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An Urban Experience
Dogs and cats in clinical (overt) heart disease
Regular contacts with the owner by phone or email should be maintained when the animals are managed
on an out-patient basis in order to monitor therapeutic outcome and to establish a suitable maintenance dosage of diuretic. In addition, re-examinations should be scheduled.
The owner should be informed that the treatment protocol always need to be optimized for the individual cardiac patients, and that the treatment protocol used
is based on both the particular disease/disease stage affecting the animal, as well on the treatment response. Meticulous information about the various medicines should be given the owner. It is important to use appropriate dosage of diuretics to relieve clinical signs, but unnecessary high maintenance dosages should
be avoided. Overzealous use of diuretics may lead to weakness, hypotension, syncope, aggravation of pre- renal azotemia and acid-base and electrolyte imbalances. Accordingly, the lowest dosage of diuretics possible,
that can keep the animal free from clinical signs of CHF, should always be used. The maintenance dosage of diuretic in a patient that has developed CHF usually
has to gradually be increased over weeks or years to prevent clinical signs of CHF to reoccur. Reasons for increasing the dosage often include recurrent dyspnea and tachypnea caused by pulmonary edema or, less commonly, development of ascites.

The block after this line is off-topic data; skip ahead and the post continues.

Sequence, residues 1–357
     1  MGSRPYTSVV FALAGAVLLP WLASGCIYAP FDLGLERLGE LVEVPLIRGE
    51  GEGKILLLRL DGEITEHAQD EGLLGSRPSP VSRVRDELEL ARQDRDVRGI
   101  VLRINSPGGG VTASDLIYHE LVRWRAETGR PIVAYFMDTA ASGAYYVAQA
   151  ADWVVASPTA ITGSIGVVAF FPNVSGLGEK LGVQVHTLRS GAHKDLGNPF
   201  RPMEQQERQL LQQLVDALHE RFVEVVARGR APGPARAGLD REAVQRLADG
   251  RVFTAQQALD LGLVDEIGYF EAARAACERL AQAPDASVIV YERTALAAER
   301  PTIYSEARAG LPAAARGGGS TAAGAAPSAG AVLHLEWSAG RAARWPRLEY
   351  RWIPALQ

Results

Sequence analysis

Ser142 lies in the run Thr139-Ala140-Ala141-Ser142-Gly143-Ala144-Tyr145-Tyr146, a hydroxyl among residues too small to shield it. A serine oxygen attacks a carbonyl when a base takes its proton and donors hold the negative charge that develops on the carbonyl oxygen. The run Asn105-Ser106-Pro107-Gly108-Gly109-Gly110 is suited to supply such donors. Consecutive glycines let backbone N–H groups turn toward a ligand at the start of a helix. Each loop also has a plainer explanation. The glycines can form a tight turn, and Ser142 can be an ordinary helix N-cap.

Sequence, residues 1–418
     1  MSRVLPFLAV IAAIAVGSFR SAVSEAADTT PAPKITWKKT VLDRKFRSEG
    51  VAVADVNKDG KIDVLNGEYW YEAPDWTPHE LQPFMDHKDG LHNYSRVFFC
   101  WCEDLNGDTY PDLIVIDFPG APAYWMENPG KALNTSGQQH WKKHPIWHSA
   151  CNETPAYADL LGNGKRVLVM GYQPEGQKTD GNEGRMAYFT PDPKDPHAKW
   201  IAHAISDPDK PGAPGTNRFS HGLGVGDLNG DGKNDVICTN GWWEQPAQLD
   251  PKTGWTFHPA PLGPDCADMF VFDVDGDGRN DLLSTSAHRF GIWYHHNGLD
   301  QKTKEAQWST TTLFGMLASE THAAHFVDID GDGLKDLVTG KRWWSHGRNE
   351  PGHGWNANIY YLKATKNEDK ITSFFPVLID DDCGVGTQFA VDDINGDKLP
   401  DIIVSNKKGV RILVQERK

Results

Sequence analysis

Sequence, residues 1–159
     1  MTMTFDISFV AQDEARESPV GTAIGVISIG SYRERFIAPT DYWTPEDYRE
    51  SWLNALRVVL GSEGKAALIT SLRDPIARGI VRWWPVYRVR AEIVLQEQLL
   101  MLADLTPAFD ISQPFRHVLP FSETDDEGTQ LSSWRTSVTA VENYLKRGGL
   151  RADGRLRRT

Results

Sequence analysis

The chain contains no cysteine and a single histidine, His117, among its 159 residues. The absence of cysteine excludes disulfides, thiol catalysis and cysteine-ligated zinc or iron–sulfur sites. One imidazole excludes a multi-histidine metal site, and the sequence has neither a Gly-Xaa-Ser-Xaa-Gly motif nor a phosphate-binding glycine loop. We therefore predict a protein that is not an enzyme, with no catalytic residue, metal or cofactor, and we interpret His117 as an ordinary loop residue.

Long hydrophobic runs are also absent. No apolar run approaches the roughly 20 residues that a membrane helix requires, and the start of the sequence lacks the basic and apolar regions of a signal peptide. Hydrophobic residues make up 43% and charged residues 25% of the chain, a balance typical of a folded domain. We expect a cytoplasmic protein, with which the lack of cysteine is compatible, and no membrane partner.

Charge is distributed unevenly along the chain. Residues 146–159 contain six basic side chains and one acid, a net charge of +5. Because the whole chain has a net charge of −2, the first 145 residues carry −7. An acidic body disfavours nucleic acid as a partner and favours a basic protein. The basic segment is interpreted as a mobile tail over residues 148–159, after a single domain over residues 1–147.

Dog-owners should also be informed that the dog must be given the possibility to urinate approximately one
to two hours after oral dosages of diuretics are given. Animals with symptomatic heart disease should avoid excessive intake of sodium.
Initially, in close proximity to the acute decompensated CHF event, the dog-owner should be recommended to restrict the walking distances for the dog. Dogs that are stable on their heart failure therapy usually tolerate walks in their own pace, but strenuous exercise should be avoided. The owner should be instructed to avoid high ambient temperatures for the dog, if possible,
for example by selecting early morning hours or late evenings for longer walks.
The owner should be informed about complications
that may develop in the future, such as new signs
of decompensated left-or right sided CHF due to aggravation of congestion and edema (and accordingly a need for alteration in the treatment protocol) or syncopal episodes/collapse even at mild exercise.
Suggested reading
1. Ljungvall I, Rishniw M, Porciello F, Haggstrom J, Ohad D. Sleeping and resting respiratory rates in healthy adult cats and cats with subclinical heart disease. J Feline Med Surg. 2014;16(4):281-90.
2. Ohad DG, Rishniw M, Ljungvall I, Porciello F, Haggstrom J. Sleeping and resting respiratory rates in dogs with subclinical heart disease. J Am Vet Med Assoc. 2013;243(6):839-43.
3. Porciello F, Rishniw M, Ljungvall I, Ferasin L, Haggstrom J, Ohad DG. Sleeping and resting respiratory rates in dogs and cats with medically-controlled left-sided congestive heart failure. Vet J. 2016;207:164-8.

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